LIMPOPO – The 58-year-old unemployed man, who has been looking after the graves and the grounds at Ga-Malakea Cemetery since 2000, embarked on an ambitious project to build a wall around the graveyard two months ago.
“I have made it my mission to ensure the graves and the grounds are properly maintained and this graveyard becomes a place where everyone can find peace in and respectfully share. I don’t get paid and I am doing what I am doing because I love my community,” he explained.
Sono said he volunteered to look after the cemetery after visiting other graveyards in the area and realising they were clean and well maintained.
“In our cemetery, grass and shrubs grew tall between the graves and the grounds were not properly maintained. When I started clearing the bushes and cutting down trees, some people thought I had lost my mind,” he remembered.
His volunteer work eventually attracted national journalists and his story was published in a national newspaper and later featured in a television programme.
“After my story appeared in newspapers, I went to the local municipality and told them what I was doing. I wanted them to help me with resources to continue to keep the cemetery clean but they told me they were responsible for maintaining urban cemeteries, not rural graveyards.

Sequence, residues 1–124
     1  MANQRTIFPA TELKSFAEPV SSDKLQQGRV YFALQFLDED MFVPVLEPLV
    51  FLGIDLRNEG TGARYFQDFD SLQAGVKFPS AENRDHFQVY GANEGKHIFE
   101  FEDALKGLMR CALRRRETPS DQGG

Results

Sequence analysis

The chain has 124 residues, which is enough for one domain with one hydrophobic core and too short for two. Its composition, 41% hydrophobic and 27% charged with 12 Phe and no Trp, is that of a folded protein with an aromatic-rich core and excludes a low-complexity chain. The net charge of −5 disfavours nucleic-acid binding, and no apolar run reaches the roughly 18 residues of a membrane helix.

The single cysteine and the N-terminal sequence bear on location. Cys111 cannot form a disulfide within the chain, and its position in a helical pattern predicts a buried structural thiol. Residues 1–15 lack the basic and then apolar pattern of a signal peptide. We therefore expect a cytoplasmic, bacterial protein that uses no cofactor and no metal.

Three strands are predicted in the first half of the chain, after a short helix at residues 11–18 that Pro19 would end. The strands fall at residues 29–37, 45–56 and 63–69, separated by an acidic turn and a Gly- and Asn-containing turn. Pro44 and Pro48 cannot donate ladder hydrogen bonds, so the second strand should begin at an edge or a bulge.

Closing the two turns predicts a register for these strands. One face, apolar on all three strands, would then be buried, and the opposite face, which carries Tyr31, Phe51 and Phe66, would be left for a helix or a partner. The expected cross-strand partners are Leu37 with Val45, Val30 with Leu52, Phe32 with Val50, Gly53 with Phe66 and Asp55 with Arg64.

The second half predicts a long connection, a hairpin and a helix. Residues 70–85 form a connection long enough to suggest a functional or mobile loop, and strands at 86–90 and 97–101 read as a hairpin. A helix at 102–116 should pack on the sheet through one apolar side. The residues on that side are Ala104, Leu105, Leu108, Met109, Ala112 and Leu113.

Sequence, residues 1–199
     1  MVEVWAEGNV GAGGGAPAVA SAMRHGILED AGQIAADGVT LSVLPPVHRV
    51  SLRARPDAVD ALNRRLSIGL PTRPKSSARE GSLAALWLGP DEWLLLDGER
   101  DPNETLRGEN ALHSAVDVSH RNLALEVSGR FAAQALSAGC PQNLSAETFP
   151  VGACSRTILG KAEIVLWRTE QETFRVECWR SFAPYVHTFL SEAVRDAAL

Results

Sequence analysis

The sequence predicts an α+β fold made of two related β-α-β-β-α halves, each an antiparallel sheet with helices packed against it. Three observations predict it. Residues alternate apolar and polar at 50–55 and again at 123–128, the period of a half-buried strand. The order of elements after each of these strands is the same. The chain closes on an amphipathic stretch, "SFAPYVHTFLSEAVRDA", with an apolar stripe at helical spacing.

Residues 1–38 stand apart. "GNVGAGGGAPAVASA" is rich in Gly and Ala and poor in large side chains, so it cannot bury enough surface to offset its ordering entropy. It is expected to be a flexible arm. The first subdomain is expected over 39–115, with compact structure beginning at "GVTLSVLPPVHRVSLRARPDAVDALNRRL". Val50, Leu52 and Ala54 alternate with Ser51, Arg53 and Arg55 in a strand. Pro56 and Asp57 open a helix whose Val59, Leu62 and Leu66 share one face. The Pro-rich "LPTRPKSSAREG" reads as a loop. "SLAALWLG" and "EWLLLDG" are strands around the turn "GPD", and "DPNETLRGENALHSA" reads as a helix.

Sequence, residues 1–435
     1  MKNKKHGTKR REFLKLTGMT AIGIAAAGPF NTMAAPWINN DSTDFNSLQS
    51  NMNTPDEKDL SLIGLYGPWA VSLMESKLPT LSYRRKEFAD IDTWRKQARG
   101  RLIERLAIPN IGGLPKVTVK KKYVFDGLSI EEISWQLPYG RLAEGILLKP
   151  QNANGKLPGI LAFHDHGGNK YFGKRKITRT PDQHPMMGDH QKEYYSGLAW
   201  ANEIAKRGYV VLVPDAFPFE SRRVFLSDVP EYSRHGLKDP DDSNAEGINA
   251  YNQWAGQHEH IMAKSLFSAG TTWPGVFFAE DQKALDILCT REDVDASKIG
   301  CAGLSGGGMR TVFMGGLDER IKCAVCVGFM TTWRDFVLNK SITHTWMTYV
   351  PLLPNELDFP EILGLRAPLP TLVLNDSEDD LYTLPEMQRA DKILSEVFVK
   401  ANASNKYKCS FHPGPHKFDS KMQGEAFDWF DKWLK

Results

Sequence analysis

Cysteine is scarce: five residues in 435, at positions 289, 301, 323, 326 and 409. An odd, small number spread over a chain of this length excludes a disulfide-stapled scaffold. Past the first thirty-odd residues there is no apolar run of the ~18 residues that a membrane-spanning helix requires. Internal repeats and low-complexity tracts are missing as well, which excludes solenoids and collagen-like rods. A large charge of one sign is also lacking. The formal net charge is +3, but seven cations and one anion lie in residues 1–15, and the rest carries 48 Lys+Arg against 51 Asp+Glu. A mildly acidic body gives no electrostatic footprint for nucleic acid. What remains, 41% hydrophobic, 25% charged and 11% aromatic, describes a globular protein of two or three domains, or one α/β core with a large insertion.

“Since then, I have been coming here every day of the week to clear the bushes and maintain the grounds. I have lost count on the number of snakes I encountered here. I believe in ancestors and that if we don’t look after their resting place, they will be angry with us,” he said.
Sono added he decided to build a wall and gate around the cemetery so the local induna and the village committees can have control over who enters the graveyard.
“I have seen cattle moving into the cemetery and pushing down the tombstones while some criminals hide here at night and attack people coming from work. Once we complete the wall and its gate, the induna will be given a key and anyone who wants to visit the cemetery will ask for permission,” he said.
Sono has mobilised local households to contribute R10 per month towards the construction project and has created temporary employment opportunities for 10 villagers who help him build the great wall.
“The money is not enough to buy all the bricks and cement we need which is why I am calling on all politicians and businesspeople who come from Dan and Mokgolobotho villages to make a donation towards the project. This project will benefit the whole community,” he said.
Anyone who wants to make a donation towards the project can call Sono at 072 823 8696.